Title:
SERVO CONTROL DEVICE, SERVO CONTROL METHOD, AND SERVO CONTROL PROGRAM
Kind Code:
A1


Abstract:
A servo control device that is capable of optimizing gain that is used in servo control and stabilizing the servo control even when the gain changes due to change in the status of overrecording over the same radial position on an optical disc. When drawing a visible image on the label surface of an optical disc DK by an overrecording operation over the same radial position of that label surface, the servo control device comprises a CPU 8 that changes the gain used in the servo control to correspond with the number of times that overrecording is performed over the same position on that label surface.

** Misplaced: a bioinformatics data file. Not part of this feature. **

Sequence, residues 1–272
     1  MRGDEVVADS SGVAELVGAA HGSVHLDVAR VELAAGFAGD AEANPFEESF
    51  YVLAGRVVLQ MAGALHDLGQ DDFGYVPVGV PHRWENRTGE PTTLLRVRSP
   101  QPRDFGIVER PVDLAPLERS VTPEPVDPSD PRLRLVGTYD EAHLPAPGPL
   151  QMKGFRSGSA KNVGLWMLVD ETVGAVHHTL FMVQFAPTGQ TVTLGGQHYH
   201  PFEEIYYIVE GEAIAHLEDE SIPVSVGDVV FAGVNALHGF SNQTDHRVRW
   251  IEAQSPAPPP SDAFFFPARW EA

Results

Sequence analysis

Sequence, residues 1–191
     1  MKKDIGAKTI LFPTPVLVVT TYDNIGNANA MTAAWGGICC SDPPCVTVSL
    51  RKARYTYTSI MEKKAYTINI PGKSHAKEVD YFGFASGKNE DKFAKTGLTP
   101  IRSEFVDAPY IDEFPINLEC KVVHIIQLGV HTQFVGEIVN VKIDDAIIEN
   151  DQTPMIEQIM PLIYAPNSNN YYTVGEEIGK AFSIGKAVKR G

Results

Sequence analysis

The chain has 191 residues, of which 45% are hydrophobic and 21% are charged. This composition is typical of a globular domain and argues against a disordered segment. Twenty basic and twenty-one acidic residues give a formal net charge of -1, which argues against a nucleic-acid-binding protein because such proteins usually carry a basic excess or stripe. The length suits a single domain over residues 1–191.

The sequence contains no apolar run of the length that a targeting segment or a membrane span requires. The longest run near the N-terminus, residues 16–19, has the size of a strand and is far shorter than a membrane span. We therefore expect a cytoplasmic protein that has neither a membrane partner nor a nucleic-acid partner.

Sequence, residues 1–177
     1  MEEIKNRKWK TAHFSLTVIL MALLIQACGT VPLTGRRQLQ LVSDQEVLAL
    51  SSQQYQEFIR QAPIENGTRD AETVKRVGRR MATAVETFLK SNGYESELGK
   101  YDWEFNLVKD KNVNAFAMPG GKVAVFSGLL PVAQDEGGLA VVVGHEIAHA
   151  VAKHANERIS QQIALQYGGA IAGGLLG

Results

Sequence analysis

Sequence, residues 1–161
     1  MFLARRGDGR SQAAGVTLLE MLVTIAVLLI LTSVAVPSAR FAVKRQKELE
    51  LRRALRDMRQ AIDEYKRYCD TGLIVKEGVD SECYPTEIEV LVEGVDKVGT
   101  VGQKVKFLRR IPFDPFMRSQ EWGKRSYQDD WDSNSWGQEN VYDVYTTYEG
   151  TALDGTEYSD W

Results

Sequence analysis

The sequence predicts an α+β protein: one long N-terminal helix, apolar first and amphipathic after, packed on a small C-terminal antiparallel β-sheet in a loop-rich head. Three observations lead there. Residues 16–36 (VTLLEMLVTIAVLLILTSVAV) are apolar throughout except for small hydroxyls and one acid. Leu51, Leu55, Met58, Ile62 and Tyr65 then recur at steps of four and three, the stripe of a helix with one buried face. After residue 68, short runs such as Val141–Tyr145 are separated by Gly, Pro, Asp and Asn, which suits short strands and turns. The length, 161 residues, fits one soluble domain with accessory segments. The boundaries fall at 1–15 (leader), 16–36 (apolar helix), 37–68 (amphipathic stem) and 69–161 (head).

Inventors:
Nakamura, Takashi (Saitama, JP)
Application Number:
12/161637
Publication Date:
10/01/2009
Filing Date:
01/18/2007
Primary Class:
Other Classes:
G9B/7
International Classes:
G11B7/00
View Patent Images:



Primary Examiner:
GUPTA, PARUL H
Attorney, Agent or Firm:
Faegre Drinker Biddle & Reath LLP (DC) (1500 K STREET, N.W. SUITE 1100, WASHINGTON, DC, 20005-1209, US)
Claims:
1. A servo control device that performs servo control of overrecording at the same position on a recording medium, comprising a gain change device for changing the gain during the servo control to correspond with the status of the overrecording on the recording medium.